In recent years, NFL teams have set about working on some of the most expensive stadiums in history. These include a $1.6 billion palace in New York, a $1.2 billion home in Dallas and a further $1.2 billion stadium in San Francisco. So, what makes these massive developments possible? “Personal seat licenses,” suggests Paul Sternberg, a serial entrepreneur from Houston, Texas.
The businessman successfully acquired a number of personal seat licenses for the Houston Texans stadium which are now valued at over five times their original cost.
Paul Sternberg of Houston
The figures are undeniably impressive, and personal seat licenses — or PSLs, which give fans the right to purchase season tickets — are now selling for as much as the cost of a small house.
“I bought several PSLs for the Houston Texans stadium at $4,500 apiece,” says Paul Sternberg of Houston. “Right now, they’re valued at $30,000each on a PSL Marketplace. so I’ve found them to be a great if slightly unconventional investment.”
He continues, “I’ve had similar success with the Dallas Cowboys, where I saw my PSLs increase in value over 150 percent each in only a relatively short space of time.”
With over 30 personal seat licenses purchased across the country, Houston-based Paul Sternberg is keen to highlight that even at a valuation of up to $30,000 each, his own PSLs are far from the most expensive licenses out there.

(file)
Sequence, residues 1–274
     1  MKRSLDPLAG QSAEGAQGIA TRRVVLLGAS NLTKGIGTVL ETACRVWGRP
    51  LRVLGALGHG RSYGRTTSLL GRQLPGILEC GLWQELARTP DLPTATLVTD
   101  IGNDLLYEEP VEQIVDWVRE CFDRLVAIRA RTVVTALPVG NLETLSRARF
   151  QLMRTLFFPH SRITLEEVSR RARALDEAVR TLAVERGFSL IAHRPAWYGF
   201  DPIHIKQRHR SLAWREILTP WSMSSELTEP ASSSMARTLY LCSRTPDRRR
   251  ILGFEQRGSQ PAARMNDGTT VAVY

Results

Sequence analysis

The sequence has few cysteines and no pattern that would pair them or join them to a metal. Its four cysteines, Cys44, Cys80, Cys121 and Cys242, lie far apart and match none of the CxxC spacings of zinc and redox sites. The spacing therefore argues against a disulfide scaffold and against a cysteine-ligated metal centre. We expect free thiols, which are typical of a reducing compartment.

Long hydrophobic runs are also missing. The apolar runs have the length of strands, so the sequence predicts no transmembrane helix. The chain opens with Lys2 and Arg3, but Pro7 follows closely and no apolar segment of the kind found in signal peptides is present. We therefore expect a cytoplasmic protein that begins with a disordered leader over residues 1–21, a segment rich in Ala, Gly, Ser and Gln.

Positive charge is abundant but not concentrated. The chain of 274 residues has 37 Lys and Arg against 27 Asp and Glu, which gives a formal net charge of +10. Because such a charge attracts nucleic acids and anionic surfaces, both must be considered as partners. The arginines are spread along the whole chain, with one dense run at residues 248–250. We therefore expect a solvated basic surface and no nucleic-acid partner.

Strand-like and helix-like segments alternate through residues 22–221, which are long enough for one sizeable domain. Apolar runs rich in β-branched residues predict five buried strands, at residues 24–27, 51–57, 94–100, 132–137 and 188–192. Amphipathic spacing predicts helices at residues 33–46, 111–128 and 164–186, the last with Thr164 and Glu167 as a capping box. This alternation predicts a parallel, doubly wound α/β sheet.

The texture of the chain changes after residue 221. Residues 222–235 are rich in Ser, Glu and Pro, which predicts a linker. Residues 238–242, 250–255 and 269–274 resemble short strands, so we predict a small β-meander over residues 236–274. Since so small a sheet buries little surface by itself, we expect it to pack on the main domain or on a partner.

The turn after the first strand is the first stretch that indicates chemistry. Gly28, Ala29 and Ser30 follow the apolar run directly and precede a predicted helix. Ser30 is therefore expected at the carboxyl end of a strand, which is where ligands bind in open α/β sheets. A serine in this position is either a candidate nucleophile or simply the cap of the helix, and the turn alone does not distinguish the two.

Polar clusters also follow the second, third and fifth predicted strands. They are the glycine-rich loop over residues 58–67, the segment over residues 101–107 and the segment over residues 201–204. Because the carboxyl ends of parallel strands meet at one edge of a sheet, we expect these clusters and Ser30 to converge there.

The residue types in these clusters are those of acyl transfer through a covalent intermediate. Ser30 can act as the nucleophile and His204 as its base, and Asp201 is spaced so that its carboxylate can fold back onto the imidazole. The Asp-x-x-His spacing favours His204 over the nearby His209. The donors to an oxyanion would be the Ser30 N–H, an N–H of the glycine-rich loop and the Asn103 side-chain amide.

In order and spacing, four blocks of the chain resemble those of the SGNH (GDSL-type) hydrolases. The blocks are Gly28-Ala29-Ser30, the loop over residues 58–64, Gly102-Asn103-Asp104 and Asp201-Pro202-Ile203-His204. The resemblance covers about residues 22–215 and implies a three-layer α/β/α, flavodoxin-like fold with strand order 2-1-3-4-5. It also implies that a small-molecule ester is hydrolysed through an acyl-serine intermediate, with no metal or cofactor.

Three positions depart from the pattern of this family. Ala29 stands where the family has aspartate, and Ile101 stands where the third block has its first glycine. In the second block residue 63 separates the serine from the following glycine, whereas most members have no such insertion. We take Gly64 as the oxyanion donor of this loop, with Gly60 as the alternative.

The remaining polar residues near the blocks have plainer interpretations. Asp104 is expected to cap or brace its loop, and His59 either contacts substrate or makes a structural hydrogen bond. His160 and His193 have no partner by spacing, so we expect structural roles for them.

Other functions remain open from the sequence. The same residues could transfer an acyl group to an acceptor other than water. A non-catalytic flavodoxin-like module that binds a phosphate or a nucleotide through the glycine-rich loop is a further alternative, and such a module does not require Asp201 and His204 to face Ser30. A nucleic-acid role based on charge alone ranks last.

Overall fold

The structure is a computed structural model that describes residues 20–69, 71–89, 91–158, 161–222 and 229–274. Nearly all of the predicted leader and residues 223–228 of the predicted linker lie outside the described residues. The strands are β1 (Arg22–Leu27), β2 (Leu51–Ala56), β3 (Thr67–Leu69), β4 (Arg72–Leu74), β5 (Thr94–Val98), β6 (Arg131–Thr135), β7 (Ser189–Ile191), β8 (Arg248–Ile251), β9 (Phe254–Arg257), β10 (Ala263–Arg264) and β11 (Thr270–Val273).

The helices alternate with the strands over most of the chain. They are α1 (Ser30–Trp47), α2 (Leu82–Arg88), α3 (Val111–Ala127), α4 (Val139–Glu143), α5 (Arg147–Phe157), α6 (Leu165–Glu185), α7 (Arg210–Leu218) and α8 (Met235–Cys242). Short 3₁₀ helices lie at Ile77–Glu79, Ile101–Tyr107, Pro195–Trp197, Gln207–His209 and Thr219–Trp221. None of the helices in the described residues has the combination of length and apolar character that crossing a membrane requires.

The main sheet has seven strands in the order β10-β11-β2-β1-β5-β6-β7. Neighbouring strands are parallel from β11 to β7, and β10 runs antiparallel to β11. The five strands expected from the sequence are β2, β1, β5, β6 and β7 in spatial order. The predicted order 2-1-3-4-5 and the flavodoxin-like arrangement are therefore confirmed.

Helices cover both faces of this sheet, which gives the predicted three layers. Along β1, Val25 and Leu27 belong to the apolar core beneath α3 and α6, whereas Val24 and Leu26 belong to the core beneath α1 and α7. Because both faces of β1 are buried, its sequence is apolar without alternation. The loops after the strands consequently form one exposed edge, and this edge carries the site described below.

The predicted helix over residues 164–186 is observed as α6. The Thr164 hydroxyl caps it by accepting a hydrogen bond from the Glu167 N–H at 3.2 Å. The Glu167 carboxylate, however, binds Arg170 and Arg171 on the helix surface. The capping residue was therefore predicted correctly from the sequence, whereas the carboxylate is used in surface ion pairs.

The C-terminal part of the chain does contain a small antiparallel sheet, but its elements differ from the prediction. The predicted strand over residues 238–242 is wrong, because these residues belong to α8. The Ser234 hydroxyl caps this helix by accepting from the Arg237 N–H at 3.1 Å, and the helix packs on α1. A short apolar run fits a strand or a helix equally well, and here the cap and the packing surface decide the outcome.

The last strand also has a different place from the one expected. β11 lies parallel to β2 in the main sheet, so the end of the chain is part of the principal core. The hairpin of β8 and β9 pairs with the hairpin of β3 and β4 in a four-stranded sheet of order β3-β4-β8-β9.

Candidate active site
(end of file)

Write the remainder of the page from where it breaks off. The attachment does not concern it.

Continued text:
“Some fans are prepared to shell out as much as $150,000 for PSLs,” Sternberg explains, “because they consider the licenses to be worthwhile investments.”
The evidence is clear to see, and with high demand for season tickets and the desire for personal seat licenses outstripping supply, fans are now routinely making five- and six-figure profits on their own PSLs.
“Looking back over the last decade and a half, the average Steelers PSL is now worth eight or nine times what it was 15 years ago,” points out Paul Sternberg of Houston, reflecting on data from STR Marketplace, a website which processes secondary PSL sales.
The same data also shows that Bears PSLs increased by over 130 percent in value, while Ravens licenses increased by upwards of 240 percent, price-wise, over the corresponding period.
Like any financial investment, Sternberg is quick to make clear that while personal seat licenses have proved highly lucrative for him, nothing is guaranteed. “With that said, and at the end of the day, most fans don’t purchase PSLs with a view to making money, they buy them to see their favorite sports teams,” he suggests.
“Whichever way you look at it, fans of NFL teams across the country continue to clamor to buy PSLs,” Sternberg points out, wrapping up, “and if my own experiences are anything to go by, I trust that they’ll see a healthy return on their initial outlay should they ever come to sell in the future.”